The UN continues to have an active presence in Haiti after the earthquake. It is necessary for the organization to uphold and implement international human rights law in its missions and operations.
The devastating earthquake that hit Haiti on January 12, 2010 will be forever remembered as one of the darkest moments in the country’s history. The 7.0 magnitude earthquake tragically revealed the weak public infrastructure left by decades of stultifying debt and the haunting legacies of interventions and corruption. With over 300,000 lives lost in the earthquake, the international community responded by sending vast infusions of international aid and rescinding Haiti’s debt. However, as Haitians continue to recover from the damage of the earthquake, another force continues to take a severe human toll on Haitians: the cholera epidemic that has spread throughout the country.
The first documented case of cholera occurred in October 2010 – only nine months after the earthquake. After extensive medical research, repeated tests showed that cholera was introduced by UN peacekeepers from Nepal, where cholera is endemic. Since the first case was reported two years ago, the disease has spread unrelentingly, and the consequences have been catastrophic: 500,000 Haitians have been affected, and over 7,000 have died, approximately 5% of the total population.
Originally discovered described in the 19th century, cholera is a water-born illness caused by bacteria. The infected person experiences persistent diarrhea ultimately leading to death due to electrolyte imbalances and extreme dehydration. Currently, over 200 new cases of cholera occur daily in Haiti, where less than half of the population has access to safe water. To the extent that cholera has spread, the problem must be assessed systemically: the lack of proper water and sanitation systems in Haiti has exacerbated the situation.
Compare the two countries in Hispaniola: whereas few in Haiti have access to proper sanitation, over 93% of people in neighbouring Dominican Republic have access to safe, drinking water. Efforts in the past to remedy the lack of public health infrastructure have failed due to external interference by other states: in 1998, when the International Development Bank approved $58 million to repair Haiti’s water and sanitation systems, the United States blocked the initiative and prevented the funds from being disbursed. As a result, the country’s infrastructure was compromised.
Notwithstanding, we must find ways to address structural conditions afflicting Haiti while finding immediate solutions. The first step is to acknowledge that access to safe water and sanitation is a human right. As recognized under international law, under the International Covenant on Economic, Social and Cultural Rights, access to safe water is a fundamental aspect of international development. Because the United Nations continues to have an active presence in Haiti after the earthquake, it is necessary for the organization to uphold and implement international human rights law in its missions and operations. In the case of Haiti, there are steps we can take to remedy the crisis.
First, the neglected public water and sanitations systems must be repaired. Given the current rain of the spring season, it is imperative to contain cholera by rebuilding the country’s weak infrastructure. Second, the international community must continue vaccination programmes and help those in the most vulnerable conditions that are likely to catch cholera. Vaccination programs have been instituted since the epidemic began and have proven successful when implemented, but more funding is needed to extend their reach. Third, global development institutions like the World Bank must expand and accelerate aid to Haiti. Dr. Jim Kim, co-founder of Partners in Health and recently appointed President of the World Bank, ought to facilitate the provision of aid to Haiti while simultaneously addressing Haiti’s structural issues.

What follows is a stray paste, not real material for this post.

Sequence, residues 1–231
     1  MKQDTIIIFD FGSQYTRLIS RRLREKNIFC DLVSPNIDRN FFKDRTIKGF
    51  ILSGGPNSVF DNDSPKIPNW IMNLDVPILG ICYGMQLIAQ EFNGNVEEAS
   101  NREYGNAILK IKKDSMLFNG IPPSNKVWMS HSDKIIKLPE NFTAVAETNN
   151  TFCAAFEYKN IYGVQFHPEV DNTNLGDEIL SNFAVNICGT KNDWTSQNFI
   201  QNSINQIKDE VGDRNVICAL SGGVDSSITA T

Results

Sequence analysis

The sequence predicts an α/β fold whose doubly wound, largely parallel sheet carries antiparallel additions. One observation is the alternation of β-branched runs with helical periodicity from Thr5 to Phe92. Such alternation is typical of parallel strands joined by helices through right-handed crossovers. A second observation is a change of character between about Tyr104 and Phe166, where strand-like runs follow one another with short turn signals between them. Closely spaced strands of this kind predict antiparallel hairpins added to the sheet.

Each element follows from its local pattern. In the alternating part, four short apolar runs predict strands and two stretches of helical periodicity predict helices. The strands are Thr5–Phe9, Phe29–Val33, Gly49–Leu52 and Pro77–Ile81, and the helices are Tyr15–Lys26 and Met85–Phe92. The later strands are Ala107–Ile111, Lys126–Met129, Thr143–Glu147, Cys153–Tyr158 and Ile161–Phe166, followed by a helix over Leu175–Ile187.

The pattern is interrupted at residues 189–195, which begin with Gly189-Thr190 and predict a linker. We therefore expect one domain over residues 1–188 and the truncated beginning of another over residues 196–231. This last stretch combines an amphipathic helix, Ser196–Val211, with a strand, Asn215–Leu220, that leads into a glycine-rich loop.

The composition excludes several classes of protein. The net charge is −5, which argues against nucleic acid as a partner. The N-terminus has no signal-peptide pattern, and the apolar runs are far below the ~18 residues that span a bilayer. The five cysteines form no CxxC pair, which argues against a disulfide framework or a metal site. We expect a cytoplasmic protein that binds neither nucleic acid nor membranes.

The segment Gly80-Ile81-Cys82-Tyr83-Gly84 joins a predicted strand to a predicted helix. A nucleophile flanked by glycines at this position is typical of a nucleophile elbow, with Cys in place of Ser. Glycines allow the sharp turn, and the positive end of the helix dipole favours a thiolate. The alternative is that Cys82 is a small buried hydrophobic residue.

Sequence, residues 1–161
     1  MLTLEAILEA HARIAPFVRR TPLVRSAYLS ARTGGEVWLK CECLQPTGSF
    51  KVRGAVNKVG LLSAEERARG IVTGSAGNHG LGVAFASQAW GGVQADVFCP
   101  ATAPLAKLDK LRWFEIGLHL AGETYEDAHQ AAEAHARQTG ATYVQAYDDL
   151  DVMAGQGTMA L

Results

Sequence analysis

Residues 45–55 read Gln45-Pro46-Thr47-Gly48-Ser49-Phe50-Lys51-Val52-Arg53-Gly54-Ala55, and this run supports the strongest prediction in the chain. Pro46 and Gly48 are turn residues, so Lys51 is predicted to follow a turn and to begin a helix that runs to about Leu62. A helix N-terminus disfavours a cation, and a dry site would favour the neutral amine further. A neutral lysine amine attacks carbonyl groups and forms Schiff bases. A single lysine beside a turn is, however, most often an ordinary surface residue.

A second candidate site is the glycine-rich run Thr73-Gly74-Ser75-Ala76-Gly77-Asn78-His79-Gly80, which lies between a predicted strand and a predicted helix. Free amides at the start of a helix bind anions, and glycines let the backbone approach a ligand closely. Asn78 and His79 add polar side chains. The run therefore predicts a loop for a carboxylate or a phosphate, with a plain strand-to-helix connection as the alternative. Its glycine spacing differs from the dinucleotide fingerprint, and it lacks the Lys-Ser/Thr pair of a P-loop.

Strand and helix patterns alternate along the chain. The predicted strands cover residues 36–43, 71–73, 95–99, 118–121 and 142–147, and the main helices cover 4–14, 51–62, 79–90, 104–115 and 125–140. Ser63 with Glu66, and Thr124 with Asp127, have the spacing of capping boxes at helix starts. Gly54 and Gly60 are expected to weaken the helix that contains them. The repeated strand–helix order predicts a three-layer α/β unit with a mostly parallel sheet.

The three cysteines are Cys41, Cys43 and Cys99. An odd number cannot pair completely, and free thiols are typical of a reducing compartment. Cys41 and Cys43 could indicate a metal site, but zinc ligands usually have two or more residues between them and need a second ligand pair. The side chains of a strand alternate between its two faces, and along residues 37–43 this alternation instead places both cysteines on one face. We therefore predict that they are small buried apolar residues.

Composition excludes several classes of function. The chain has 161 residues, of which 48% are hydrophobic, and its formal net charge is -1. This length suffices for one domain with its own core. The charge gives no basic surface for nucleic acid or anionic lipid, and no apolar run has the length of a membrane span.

Lastly, the UN must take responsibility for responding to the cholera epidemic. As the Institute of Justice and Democracy has argued, the UN has a duty to help with rebuilding Haiti’s infrastructure under the Status of Forces agreement signed with the Haitian government. The UN peacekeepers in Haiti, MINUSTAH, have a budget of over $800 million per year. If those funds were spent on vaccinations and public health, tens of thousands of lives could be saved. It is essential for the UN to continue working in Haiti.
We have a moral responsibility to help Haiti recover. Dozens of people continue to be infected daily. We can stop cholera, and we must start now.
 The Center for Human Rights and Global Justice et al., “Woch Nan Soley: The Denial of the Right to Water in Haiti,” http://www.chrgj.org/projects/docs/wochnansoley.pdf
 World Bank, “World Bank Statement on Haiti Debt,” http://go.worldbank.org/2BQD8Q7ER0
 Sean Casey, “Cholera in Haiti: Still an Emergency,” The Guardian, November 7, 2011, http://www.guardian.co.uk/global-development/poverty-matters/2011/nov/07/haiti-cholera-still-emergency-donors
 Lloyd Denis, “Haiti Cholera Epidemic Causes and Effects,” Yahoo! Voices, November 4, 2011, http://voices.yahoo.com/haiti-cholera-epidemic-causes-effects-7127644.html?cat=5
 Meera Dalal, “Cholera in Haiti: From Control to Elimination,” Al Jazeera, January 13, 2012, http://www.aljazeera.com/indepth/features/2012/01/2012111193155842439.html
 This is implied in Articles 11 and 12 of the convention. See Office of the United Nations High Commissioner for Human Rights, “International Convenant on Economic, Social and Cultural Rights,” http://www2.ohchr.org/english/law/cescr.htm#art11
 Kim Ives, “Lawyers for Haiti Cholera Victims Tell UN: ‘Immunity Cannot Mean Impunity,” Institute for Justice and Democracy, April 11, 2012 http://ijdh.org/archives/26227